Archive | May 2014

Barefooting it

Barefooting it

During the times of centering prayer at the Desert House of Prayer, we are invited to remove our shoes, to sit shoeless and to walk around the room shoeless. This invitation hearkens back to Exodus 3, when Moses drew near to the burning bush and God said to him, “Take off your sandals for the place where you are standing is holy ground.”
Years ago I often went about barefoot, but after a couple of painful bouts with plantar fasciitis, I now wear orthotics in my shoes that have been specially molded for my feet. So I nearly always wear shoes. I am particularly conscientious about wearing shoes (rather than sandals) in the Arizona desert where it is always possible to step in striking range of a rattlesnake or a scorpion. Being so used to wearing shoes, but sitting there shoeless and walking around the room shoeless, I got to thinking about the spiritual significance of setting aside my shoes.
The first thing I realized about God’s call to Moses to set aside His sandals and the invitation to us to be shoeless during the time of centering prayer is that setting aside one’s sandals or shoes is a conscious act of taking off one’s form of self-protection and making ourselves vulnerable to God. Isn’t that what prayer is meant to be? Setting aside our self-protection and making ourselves vulnerable to God? For prayer is meant to be the place where our souls are laid bare before God, with no pretense or defensiveness between us. And prayer is meant to be the place where we are exposed to God for God to convict us of sins that need to be repented of and of brokenness in our psyche that needs to be healed. And prayer is meant to be the place where we are vulnerable to God calling us to take some new step of faith or some new step of service, where God might call us out of our comfort zone into some daring adventure with Him.
The second thing that came to my mind had to do with a talk I heard Jack Hayford give many years ago. He talked about all the “stuff” that had accumulated on the bottom of Moses’ sandals—all the thorns he had stepped on and the sheep poop he had stepped in and so forth. It strikes me that this, too, is a good reason to take off our “shoes” when we come before God in prayer. So often I want to come to God holding on to the crap in my soul instead of giving it up. I want to come before God without letting go of sins in my life or grudges in my heart or prejudices against persons or my pridefulness about something. Prayer is an invitation to give those things up and not to keep holding onto them.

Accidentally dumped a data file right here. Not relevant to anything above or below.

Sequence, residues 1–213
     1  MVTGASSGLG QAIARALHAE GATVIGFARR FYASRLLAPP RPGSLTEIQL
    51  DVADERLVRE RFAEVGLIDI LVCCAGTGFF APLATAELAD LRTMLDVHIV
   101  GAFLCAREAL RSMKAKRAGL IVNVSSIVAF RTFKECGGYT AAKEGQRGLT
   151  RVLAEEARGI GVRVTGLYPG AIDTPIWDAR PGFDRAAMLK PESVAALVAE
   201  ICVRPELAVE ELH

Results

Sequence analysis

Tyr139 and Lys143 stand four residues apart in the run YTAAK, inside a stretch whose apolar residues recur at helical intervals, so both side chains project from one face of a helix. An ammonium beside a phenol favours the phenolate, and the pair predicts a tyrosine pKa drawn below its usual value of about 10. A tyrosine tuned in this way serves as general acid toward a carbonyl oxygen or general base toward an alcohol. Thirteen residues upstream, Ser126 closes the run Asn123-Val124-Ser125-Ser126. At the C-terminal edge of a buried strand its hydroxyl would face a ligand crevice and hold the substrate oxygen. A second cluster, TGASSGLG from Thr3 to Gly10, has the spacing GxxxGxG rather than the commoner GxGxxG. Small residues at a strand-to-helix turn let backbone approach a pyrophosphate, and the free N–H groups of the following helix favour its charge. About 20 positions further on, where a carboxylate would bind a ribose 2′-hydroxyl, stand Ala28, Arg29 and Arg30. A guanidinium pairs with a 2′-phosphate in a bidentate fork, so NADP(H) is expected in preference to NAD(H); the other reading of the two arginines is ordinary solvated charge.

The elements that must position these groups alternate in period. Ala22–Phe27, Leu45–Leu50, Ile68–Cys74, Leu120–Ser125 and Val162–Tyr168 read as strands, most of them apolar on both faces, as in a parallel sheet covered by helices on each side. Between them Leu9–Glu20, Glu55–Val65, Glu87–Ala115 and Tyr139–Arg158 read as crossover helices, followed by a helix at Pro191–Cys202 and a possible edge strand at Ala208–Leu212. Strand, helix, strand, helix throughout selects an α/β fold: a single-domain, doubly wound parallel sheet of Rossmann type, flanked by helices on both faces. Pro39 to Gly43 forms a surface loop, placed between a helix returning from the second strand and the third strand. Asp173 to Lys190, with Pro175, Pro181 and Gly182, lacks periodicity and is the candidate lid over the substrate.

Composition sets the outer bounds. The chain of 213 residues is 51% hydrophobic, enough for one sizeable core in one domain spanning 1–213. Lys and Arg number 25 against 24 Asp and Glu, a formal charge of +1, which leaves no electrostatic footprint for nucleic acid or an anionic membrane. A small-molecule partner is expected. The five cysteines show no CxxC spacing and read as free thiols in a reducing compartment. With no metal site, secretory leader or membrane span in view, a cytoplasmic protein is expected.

A third thought that came to my mind also came from a talk I heard somebody else give (but I don’t remember who it was). That person talked about Moses’ sandals being man-made, that God was calling him to set aside man-made ways when coming before God. That is good advice for me to heed. When I come before God, it is so easy for me to get stuck in man-made traditions or structures or assumptions, and it is so easy for me to be stuck in the expectations others have of me. Those things get in the way of me simply bringing to God just who I am. Prayer is an invitation to me to come to God just as I am and just who I am. If taking off my shoes helps me to remember this, then it is worth taking off my shoes. (But if I am taking off my shoes just because it is the tradition here and it is “what we are supposed to do” then I have really missed the point.)



            In the early morning and in the late afternoon at the Desert House of Prayer, we are invited to an extended block of time together for centering prayer.  At the close of the centering prayer, we walk slowly around the room and back to our chair.  I found myself trying to keep my distance behind a woman who was walking extremely slowly and with various pauses in her walk.  This was causing some awkwardness to my walking and some discomfort to my arthritic hip.  I said to myself, “Tom, accept where you are.  You don’t have to get back to your seat quickly.  Just accept where you are.”